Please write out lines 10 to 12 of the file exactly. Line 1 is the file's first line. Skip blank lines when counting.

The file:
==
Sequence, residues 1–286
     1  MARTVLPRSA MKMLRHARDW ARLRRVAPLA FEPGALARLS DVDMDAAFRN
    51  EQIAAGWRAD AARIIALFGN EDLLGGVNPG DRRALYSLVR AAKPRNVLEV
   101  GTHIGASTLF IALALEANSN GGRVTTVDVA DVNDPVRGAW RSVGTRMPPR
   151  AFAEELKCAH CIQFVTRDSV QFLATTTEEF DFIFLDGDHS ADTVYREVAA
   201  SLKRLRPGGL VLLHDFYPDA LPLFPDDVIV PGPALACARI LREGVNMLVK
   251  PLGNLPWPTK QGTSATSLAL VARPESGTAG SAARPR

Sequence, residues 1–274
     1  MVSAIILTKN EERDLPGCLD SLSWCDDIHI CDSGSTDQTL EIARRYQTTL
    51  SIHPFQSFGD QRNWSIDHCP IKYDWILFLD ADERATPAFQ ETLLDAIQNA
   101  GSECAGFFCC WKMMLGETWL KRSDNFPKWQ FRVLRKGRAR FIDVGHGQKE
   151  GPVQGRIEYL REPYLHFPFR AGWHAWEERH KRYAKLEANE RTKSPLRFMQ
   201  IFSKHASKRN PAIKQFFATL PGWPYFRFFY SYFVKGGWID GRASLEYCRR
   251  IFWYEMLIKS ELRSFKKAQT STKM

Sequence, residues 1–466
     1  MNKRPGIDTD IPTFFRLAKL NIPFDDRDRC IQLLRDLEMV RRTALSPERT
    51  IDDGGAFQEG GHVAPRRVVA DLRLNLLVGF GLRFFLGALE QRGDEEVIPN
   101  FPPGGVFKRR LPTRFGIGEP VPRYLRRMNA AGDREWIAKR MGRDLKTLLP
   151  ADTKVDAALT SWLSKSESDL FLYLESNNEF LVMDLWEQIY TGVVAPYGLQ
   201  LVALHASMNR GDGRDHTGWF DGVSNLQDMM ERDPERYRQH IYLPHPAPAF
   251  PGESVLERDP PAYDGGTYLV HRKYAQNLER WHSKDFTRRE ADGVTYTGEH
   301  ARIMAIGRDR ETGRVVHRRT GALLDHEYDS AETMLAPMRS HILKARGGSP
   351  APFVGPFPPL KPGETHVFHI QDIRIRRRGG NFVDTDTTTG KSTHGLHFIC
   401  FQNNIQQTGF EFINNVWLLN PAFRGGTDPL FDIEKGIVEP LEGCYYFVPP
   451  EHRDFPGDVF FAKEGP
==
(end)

    51  SIHPFQSFGD QRNWSIDHCP IKYDWILFLD ADERATPAFQ ETLLDAIQNA
   101  GSECAGFFCC WKMMLGETWL KRSDNFPKWQ FRVLRKGRAR FIDVGHGQKE
   151  GPVQGRIEYL REPYLHFPFR AGWHAWEERH KRYAKLEANE RTKSPLRFMQ